Sold out. Music fans trying to score tickets to concerts online are seeing those dreaded words more and more. But even worse is seeing those tickets marked up to three times the price on resale websites.
Frustrated fans can blame scalpers who use ticket bots - sophisticated computer programs that buy up hundreds of tickets seconds after they go on sale. And despite a new law that makes bots illegal, not much has changed.
Just last month, two music lovers hoped to get tickets to see their favorite bands.
Farrah Asgari-Majd got in line at 4:30 a.m. on a Saturday morning. Even though she was cold and soaked by rain, the thought of seeing one of her favorite bands, Nine Inch Nails, kept her smiling. After waiting for nearly six hours, she finally had tickets to great seats.
“I’ve got gold. Like literal gold,” she said.
A week earlier, another fan tried to get tickets to a different concert. Valerya Calleros Tagle jumped online minutes before 10 a.m. on a Friday. But by 10:01 a.m., all the tickets were gone.
Only one ended up with tickets, and bots are to blame.
It seems old school, but when fans stand in line, they only compete with other fans who show up. But online, it’s more complicated. Eager concert-goers not only have to beat other fans, but they also have to beat the bots.
Professional scalpers use bots to buy tons of tickets as soon as they go on sale. Many tickets then become available at marked-up prices on resale websites like StubHub. Fans either end up empty-handed or hand over more cash.
Using ticket bots is a lucrative business. One scalper purchased 30,000 tickets to Broadway hit “Hamilton” over 20 months in 2015 and 2016. The same scalping business bought 1,012 tickets to a U2 concert in New York City less than a minute after they went on sale in 2014. Those tickets were sold at markups averaging 49 percent. In another attack, one bot got 520 tickets within three minutes to an August 2013 Beyoncé concert.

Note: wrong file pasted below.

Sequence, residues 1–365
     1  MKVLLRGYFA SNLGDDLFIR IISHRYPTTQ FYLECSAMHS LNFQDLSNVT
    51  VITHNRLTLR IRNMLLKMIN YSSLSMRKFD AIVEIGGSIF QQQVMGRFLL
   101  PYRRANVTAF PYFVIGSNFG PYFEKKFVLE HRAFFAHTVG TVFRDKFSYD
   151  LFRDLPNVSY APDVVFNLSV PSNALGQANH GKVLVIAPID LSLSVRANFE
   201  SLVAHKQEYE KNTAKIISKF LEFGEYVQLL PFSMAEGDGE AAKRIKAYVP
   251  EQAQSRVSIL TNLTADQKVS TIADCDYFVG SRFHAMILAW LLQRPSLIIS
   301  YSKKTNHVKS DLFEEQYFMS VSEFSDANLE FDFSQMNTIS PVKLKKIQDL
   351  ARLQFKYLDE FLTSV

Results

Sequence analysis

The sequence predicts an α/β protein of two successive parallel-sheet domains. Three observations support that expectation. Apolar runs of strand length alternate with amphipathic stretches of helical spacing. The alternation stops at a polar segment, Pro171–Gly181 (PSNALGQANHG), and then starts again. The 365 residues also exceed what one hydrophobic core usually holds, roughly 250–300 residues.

Even worse? They’re not even legal. In December 2016, the federal government passed Better Online Ticket Sales Act, or the BOTS Act, which made it illegal for scalpers use computer software to purchase more tickets than allowed or bypass security measures.
But the Federal Trade Commission, the government agency tasked with enforcing the BOTS law, said it could not comment on whether any legal actions have been taken in the past year against scalpers using bots. “The FTC is taking the issue seriously,” it said in an emailed statement. “We are taking a hard look at the situation.”
So even with the new law, not much has changed. In 2017, Ticketmaster, the country’s largest ticketing company, blocked 5 billion bot attempts.
The government isn’t doing much. But some in the music industry are trying to stop bots.
Different players in the entertainment industry, from performers to ticketing websites, are taking matters into their own hands. They are developing new technologies to prevent bot use, filing lawsuits against scalpers, and even returning to the old-fashioned method of standing in line.
Nine Inch Nails is one of the bands skipping the online ticketing market all together. “The promise of a world made better by computers and online connectivity has failed us in many ways, particularly when it comes to ticketing,” said the band, led by Trent Reznor, on its website.
Because the tickets wouldn’t be for sale online, fans congregated at box offices around the country in May. After waiting for hours, like Asgari-Majd, they were able to purchase four tickets to the band’s 2018 tour. Some said they liked the idea of picking up tickets in person because it made things more difficult for scalpers and provided a chance to meet fellow fans.